Tuesday, 21 May 2024

Bank of England hikes interest rates to 4.5% – its highest level since 2008

The Bank of England has increased interest rates to 4.5%.

Seven members of the Bank’s Monetary Policy Committee (MPC) voted to increase the base interest rate for a 12th consecutive time from 4.25% to 4.5% – its highest level since 2008.

Food prices have stayed higher for longer than expected, the Bank said, partly due to Russia’s war in Ukraine and poor harvests in some European countries, ramping up the cost of living for households across the UK.

It means Consumer Prices Index (CPI) inflation is expected to decline less rapidly than the Bank predicted in its last report in February.

Inflation is still expected to drop sharply from April this year, as energy prices decline and household bills are subsidised, the MPC said.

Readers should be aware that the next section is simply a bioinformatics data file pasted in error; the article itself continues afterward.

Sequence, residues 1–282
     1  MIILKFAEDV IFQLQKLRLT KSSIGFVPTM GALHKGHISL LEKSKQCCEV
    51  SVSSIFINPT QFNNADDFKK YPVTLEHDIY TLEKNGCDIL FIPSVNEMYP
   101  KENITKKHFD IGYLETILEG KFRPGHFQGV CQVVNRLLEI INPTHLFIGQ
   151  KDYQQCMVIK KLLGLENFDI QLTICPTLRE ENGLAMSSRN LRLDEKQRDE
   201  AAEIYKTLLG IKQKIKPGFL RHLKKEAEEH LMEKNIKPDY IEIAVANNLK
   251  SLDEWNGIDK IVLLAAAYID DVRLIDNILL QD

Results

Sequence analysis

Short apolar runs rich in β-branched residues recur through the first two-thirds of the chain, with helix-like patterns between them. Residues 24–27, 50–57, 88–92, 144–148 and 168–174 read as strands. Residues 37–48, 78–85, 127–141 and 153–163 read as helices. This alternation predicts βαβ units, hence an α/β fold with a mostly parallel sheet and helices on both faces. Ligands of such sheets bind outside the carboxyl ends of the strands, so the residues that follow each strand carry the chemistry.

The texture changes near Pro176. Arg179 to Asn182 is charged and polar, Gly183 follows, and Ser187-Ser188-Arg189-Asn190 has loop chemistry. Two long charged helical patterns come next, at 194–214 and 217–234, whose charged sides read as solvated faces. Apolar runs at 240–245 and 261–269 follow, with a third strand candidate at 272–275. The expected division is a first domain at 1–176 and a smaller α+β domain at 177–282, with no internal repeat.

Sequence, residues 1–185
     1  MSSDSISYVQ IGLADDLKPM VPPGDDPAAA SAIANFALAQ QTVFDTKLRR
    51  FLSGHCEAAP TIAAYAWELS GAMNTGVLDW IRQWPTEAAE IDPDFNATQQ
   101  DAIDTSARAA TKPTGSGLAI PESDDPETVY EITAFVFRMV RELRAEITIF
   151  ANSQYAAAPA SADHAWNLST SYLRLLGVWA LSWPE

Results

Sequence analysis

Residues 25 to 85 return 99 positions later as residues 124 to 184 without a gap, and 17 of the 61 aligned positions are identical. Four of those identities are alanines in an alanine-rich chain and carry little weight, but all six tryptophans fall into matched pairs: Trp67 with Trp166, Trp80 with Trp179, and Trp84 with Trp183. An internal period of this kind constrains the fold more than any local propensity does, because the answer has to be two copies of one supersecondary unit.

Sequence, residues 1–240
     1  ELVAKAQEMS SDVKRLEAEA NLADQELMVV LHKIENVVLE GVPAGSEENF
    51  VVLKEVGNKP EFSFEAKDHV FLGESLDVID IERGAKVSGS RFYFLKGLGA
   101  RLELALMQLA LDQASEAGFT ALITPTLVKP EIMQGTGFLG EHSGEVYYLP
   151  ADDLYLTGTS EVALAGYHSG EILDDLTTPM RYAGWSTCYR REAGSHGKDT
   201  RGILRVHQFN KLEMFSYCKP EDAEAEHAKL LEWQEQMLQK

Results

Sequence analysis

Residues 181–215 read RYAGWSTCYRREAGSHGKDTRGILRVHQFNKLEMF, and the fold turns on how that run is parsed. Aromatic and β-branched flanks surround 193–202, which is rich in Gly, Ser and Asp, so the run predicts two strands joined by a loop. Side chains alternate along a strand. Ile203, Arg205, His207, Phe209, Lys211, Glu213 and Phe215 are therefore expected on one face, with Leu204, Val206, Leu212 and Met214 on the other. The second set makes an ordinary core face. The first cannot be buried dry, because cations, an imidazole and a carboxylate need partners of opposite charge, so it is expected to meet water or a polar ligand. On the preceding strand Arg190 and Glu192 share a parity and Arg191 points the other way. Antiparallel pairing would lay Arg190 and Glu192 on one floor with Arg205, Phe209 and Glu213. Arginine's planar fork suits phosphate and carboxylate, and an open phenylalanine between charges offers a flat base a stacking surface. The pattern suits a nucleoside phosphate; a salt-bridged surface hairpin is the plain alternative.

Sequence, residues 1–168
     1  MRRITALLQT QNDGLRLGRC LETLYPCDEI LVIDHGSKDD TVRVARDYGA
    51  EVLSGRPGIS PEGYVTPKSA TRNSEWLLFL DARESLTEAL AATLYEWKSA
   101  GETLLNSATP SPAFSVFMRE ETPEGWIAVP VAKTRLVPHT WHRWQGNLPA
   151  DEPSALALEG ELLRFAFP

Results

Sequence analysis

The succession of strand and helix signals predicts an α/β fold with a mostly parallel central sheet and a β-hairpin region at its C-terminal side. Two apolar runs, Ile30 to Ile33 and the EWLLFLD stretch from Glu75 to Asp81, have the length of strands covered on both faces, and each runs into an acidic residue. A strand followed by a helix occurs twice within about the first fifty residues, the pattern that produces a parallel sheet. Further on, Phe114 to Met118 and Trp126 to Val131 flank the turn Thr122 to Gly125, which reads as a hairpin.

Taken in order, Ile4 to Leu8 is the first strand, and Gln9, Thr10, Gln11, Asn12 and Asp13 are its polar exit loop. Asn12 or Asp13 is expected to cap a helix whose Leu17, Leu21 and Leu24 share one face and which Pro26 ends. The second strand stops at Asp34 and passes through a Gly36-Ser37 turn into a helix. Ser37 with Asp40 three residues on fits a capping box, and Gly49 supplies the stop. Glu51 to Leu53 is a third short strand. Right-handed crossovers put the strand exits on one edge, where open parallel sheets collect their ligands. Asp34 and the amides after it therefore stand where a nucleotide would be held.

‘There remain considerable uncertainties around the pace at which CPI inflation will return sustainably to the 2% target,’ it added.

Inflation is expected to decline to 5.1% in the fourth quarter of the year, meaning the Government would narrowly hit its target to halve inflation by the end of the year.

The Bank had previously thought CPI inflation could fall as low as 1% by the middle of 2024 but it is now predicted to reach around 3.4%.

The hike to the interest rate will pile more pressure on borrowers and help the Bank to bring inflation down to the 2% target.

But the impact of higher rates has yet to be widely felt for households across the country, partly because many borrowers are tied to fixed-rate mortgages that have not renewed yet.

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